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Is UBS’s 8 million pound fine enough?

November 6, 2009

Not long ago, UBS was the pride and joy of its Swiss home. There it was, slugging it out with the big boys, and making a fair fist of joining the bulge bracket banks from New York.

That was before it all started to go wrong. The banking crisis produced a loss of $52 billion, but much worse has been the reputational damage done in that most Swiss of financial services, the discreet management of private fortunes.

The US authorities forced UBS to disgorge names of their citizens suspected of failing to pay enough tax on their hordes, squeezing a $780 million fine out of the bank in settlement.

Set next to that, the 8 million pounds that Britain’s Financial Services Authority has just extracted looks derisory. On Thursday the FSA revealed that UBS clients in London had lost 42 million dollars through the misuse of their accounts. The method was simple and old-fashioned; the employees would make a forex trade, and wait to see whether it was profitable before allocating it to an account. Heads they won, tails the client lost.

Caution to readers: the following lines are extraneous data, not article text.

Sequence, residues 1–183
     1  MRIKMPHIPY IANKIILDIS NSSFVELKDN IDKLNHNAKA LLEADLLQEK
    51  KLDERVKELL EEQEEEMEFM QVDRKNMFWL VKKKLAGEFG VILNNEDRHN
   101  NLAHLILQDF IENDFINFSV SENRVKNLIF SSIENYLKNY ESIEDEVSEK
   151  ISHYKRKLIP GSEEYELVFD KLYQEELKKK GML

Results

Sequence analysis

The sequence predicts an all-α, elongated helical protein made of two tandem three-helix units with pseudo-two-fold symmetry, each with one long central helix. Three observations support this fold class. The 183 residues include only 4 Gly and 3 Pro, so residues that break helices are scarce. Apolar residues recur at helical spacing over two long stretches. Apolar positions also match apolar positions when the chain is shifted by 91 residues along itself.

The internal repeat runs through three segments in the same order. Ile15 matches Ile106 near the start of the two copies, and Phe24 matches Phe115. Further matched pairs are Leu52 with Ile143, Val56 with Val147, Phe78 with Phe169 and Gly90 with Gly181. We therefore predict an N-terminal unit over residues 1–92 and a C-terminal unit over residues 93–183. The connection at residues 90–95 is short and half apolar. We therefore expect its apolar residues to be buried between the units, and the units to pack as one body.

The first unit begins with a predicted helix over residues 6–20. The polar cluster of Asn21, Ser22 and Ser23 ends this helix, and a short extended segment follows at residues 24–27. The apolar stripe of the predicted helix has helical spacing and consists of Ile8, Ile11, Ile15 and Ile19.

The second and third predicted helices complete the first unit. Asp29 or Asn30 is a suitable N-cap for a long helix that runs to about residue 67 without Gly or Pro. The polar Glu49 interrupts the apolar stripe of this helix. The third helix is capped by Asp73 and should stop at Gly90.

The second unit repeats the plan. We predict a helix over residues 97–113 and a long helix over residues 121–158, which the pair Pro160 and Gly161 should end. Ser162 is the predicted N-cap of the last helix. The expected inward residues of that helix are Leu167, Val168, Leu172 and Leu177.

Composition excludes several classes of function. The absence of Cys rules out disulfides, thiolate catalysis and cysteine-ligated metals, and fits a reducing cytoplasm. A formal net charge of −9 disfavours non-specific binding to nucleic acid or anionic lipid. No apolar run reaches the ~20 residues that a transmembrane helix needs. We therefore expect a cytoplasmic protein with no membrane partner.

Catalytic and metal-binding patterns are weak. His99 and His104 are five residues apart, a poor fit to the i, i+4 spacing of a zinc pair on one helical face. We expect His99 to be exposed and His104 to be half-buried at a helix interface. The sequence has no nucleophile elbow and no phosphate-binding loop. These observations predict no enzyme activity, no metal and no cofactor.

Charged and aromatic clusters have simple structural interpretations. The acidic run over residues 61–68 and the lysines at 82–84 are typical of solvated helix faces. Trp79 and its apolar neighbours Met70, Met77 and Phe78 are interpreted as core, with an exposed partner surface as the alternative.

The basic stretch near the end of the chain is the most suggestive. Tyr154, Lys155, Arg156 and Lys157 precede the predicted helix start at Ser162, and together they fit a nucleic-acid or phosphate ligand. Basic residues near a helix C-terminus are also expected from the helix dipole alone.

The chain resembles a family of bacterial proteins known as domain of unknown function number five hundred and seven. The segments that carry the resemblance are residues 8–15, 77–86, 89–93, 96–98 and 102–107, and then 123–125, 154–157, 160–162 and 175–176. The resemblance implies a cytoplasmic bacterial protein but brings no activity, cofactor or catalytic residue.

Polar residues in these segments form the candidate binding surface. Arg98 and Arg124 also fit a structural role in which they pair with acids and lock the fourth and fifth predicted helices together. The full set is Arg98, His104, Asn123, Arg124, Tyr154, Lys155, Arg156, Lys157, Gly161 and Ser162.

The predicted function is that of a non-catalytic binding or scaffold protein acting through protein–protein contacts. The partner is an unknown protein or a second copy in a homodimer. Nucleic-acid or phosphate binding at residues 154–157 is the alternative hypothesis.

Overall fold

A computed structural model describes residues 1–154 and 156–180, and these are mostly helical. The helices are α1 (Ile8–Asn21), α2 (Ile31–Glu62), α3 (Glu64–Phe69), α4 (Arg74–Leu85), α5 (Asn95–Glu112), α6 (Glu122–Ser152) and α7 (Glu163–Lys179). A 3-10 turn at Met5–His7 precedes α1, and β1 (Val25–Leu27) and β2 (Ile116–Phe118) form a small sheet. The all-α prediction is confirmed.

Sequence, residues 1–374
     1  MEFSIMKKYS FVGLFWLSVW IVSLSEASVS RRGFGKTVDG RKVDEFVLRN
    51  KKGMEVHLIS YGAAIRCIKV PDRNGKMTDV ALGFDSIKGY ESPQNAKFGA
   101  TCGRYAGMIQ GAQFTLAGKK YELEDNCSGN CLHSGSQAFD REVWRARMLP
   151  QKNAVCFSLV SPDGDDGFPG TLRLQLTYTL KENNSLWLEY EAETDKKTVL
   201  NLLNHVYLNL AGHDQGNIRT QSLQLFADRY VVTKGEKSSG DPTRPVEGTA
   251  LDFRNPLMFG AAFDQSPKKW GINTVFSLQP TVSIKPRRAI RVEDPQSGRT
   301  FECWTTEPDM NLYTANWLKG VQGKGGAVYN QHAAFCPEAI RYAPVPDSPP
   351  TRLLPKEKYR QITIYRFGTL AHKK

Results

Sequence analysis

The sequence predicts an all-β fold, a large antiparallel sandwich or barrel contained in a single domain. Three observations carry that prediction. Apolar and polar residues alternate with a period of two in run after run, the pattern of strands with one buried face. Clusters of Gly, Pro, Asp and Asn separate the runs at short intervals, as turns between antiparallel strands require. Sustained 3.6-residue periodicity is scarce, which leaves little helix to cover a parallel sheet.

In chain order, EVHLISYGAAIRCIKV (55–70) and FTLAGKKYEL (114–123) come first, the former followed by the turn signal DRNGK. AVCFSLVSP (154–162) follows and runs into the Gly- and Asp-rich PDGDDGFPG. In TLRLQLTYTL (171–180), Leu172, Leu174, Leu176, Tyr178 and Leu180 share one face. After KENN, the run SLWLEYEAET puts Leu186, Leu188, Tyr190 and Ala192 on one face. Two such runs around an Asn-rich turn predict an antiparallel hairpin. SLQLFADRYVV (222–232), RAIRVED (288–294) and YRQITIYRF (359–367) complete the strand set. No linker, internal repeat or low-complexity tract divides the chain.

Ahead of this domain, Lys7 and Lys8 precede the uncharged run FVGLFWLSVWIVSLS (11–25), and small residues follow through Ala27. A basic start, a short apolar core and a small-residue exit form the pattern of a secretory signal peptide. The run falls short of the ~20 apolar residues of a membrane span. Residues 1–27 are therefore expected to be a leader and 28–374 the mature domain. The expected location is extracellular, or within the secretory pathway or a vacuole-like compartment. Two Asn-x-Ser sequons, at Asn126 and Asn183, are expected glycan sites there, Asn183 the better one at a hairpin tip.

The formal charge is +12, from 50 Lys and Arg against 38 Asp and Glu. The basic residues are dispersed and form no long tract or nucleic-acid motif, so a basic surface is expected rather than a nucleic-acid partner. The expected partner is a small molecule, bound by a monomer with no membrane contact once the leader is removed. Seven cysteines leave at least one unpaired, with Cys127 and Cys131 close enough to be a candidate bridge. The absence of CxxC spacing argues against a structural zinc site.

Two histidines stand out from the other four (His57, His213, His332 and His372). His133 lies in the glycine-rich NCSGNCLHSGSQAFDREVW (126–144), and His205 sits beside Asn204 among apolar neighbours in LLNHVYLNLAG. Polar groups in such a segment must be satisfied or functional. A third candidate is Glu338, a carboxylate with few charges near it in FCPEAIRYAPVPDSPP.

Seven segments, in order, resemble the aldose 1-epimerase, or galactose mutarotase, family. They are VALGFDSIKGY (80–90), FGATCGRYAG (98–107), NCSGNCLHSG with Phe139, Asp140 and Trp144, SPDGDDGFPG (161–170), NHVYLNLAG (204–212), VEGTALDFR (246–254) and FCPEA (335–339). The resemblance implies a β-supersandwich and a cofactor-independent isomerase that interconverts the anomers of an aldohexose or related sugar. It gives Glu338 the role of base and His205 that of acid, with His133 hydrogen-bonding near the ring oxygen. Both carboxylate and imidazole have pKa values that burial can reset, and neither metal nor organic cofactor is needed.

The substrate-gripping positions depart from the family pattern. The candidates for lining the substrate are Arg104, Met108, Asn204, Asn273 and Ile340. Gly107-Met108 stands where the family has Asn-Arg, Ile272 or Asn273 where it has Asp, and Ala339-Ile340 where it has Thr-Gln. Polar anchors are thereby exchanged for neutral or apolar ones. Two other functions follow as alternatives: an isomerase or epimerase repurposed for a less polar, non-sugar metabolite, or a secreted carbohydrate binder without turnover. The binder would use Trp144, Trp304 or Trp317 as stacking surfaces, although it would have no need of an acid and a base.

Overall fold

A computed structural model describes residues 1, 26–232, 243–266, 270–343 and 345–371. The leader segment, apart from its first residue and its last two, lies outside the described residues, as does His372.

The bank has shut the stable door, and “deeply regrets” the affair (although not deeply enough to put a statement on its website). By 2007, when it took place, even the doziest compliance department should have long since ensured that this practice was impossible. Compliance at UBS was so fast asleep that they only woke up when a whistleblower told them. Bleating that the bank “has already taken full remedial steps” merely sounds pathetic.

Fining companies for the sins of their employees is always problematic, since the shareholders are footing the bill. In this case, the FSA might have insisted that UBS pursue the miscreants through the courts. That won’t bring back the $42 million, but it would force the bank to wash its dirty linen in public, as well as discouraging others who might be tempted to cheat this way elsewhere.

As it is, UBS is more likely to want to bury the affair with minimum publicity. A court case would cause even more of its valuable private clients flee to better-managed businesses, and who could blame them?.

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